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Northridge earthquake damage caused by geologic focusing of seismic waves

Paul M. Davis, Justin L. Rubinstein, Kelly H. Liu, Steve Gao, & Leon Knopoff

Published September 8, 2000, SCEC Contribution #528

Despite being located 21 kilometers from the epicenter of the 1994 Northridge earthquake (magnitude 6.7), the city of Santa Monica experienced anomalously concentrated damage with Mercalli intensity IX, an intensity as large as that experienced in the vicinity of the epicenter. Seismic records from aftershocks suggest that the damage resulted from the focusing of seismic waves by several underground acoustic lenses at depths of about 3 kilometers, formed by the faults that bound the northwestern edge of the Los Angeles basin. The amplification was greatest for high-frequency waves and was less powerful at lower frequencies, which is consistent with focusing theory and finite-difference simulations.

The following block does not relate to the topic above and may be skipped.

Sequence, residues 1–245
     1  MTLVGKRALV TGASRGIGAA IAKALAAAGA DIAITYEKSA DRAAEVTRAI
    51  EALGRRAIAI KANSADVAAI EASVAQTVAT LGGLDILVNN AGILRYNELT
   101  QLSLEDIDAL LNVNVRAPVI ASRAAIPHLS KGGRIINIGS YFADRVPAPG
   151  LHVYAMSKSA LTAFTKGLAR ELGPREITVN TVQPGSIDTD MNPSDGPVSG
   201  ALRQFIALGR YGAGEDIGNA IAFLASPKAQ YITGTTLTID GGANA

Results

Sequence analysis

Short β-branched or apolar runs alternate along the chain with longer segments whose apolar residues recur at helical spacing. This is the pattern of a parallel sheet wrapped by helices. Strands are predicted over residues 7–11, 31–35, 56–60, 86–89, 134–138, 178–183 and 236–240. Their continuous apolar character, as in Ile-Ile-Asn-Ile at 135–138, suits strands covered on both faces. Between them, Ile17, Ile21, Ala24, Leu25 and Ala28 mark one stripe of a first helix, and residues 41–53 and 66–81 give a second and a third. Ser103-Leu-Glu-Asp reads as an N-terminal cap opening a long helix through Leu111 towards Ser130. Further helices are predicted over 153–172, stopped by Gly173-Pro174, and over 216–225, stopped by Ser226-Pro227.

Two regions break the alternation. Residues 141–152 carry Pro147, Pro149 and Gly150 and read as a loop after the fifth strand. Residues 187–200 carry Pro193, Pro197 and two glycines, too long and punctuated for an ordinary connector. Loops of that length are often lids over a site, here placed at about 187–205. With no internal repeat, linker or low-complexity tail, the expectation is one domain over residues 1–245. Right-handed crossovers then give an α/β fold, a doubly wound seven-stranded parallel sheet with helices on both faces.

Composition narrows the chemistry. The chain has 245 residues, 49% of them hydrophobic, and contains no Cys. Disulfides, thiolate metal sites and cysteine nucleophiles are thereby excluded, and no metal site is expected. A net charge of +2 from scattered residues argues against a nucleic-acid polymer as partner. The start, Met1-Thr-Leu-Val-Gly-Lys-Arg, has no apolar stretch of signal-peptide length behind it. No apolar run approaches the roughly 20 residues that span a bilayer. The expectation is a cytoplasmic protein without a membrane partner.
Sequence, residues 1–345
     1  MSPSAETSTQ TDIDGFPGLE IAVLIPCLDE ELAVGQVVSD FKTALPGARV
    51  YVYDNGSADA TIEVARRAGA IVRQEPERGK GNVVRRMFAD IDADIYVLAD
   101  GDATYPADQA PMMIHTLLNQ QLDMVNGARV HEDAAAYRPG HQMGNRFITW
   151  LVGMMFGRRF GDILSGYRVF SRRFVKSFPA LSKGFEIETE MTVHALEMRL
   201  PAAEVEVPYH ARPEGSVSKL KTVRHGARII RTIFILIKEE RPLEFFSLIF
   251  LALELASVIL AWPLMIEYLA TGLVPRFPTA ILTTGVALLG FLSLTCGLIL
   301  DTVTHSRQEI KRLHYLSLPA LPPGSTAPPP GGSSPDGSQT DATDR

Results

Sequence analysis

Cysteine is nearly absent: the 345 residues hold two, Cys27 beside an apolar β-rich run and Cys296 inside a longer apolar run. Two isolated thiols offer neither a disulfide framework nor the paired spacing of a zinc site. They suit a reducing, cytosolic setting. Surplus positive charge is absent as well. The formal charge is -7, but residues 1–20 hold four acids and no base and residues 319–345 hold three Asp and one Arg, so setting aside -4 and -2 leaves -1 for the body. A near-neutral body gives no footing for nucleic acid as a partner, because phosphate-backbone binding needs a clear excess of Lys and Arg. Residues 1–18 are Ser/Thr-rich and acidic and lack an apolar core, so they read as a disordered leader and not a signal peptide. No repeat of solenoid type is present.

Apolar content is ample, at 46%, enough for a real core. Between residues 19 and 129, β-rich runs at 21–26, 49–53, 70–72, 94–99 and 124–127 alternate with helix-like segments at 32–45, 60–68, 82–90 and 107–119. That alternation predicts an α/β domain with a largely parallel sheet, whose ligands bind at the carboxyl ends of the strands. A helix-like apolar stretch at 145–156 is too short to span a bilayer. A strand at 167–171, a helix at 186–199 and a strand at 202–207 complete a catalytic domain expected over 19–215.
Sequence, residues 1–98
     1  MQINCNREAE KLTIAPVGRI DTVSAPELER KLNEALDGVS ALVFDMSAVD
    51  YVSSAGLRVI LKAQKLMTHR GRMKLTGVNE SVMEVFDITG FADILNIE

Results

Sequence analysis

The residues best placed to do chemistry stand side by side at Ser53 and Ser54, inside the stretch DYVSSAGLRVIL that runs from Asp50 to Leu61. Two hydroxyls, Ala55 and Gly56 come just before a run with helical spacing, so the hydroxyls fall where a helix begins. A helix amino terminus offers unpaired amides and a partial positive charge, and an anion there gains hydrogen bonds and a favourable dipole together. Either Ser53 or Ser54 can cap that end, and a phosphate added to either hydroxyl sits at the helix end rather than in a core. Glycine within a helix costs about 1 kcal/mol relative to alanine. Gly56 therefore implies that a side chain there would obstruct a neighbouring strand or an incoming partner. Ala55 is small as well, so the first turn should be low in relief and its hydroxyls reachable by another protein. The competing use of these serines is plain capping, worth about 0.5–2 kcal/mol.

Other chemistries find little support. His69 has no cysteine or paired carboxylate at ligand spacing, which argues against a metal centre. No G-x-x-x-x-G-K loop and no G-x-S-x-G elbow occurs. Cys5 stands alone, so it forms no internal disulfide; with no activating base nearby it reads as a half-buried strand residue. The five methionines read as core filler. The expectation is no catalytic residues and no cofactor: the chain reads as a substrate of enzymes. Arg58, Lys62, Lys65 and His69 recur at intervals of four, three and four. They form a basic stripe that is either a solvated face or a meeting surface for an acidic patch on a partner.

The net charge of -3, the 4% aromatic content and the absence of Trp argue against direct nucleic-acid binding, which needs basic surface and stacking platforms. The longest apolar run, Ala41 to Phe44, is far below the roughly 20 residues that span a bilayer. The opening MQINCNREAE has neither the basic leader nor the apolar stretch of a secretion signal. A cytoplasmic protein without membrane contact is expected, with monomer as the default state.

Davis, P. M., Rubinstein, J. L., Liu, K. H., Gao, S., & Knopoff, L. (2000). Northridge earthquake damage caused by geologic focusing of seismic waves. Science, 289(5485), 1746-1750. doi: 10.1126/science.289.5485.1746.